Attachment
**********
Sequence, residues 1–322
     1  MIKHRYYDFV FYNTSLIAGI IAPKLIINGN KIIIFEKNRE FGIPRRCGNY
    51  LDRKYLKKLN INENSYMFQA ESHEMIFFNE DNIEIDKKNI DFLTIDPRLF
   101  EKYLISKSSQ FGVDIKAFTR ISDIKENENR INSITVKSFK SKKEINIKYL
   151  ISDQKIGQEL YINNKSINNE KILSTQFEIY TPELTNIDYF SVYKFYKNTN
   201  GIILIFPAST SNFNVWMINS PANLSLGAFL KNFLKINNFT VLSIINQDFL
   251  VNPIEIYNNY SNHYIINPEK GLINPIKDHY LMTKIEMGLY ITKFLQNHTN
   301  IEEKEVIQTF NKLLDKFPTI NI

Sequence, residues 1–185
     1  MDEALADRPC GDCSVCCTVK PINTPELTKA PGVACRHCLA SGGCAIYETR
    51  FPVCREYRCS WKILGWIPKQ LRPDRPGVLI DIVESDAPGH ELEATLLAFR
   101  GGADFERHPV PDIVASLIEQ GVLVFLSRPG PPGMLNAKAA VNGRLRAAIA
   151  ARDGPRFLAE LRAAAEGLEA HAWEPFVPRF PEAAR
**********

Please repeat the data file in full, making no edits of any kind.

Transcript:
Sequence, residues 1–322
     1  MIKHRYYDFV FYNTSLIAGI IAPKLIINGN KIIIFEKNRE FGIPRRCGNY
    51  LDRKYLKKLN INENSYMFQA ESHEMIFFNE DNIEIDKKNI DFLTIDPRLF
   101  EKYLISKSSQ FGVDIKAFTR ISDIKENENR INSITVKSFK SKKEINIKYL
   151  ISDQKIGQEL YINNKSINNE KILSTQFEIY TPELTNIDYF SVYKFYKNTN
   201  GIILIFPAST SNFNVWMINS PANLSLGAFL KNFLKINNFT VLSIINQDFL
   251  VNPIEIYNNY SNHYIINPEK GLINPIKDHY LMTKIEMGLY ITKFLQNHTN
   301  IEEKEVIQTF NKLLDKFPTI NI

Sequence, residues 1–185
     1  MDEALADRPC GDCSVCCTVK PINTPELTKA PGVACRHCLA SGGCAIYETR
    51  FPVCREYRCS WKILGWIPKQ LRPDRPGVLI DIVESDAPGH ELEATLLAFR
   101  GGADFERHPV PDIVASLIEQ GVLVFLSRPG PPGMLNAKAA VNGRLRAAIA
   151  ARDGPRFLAE LRAAAEGLEA HAWEPFVPRF PEAAR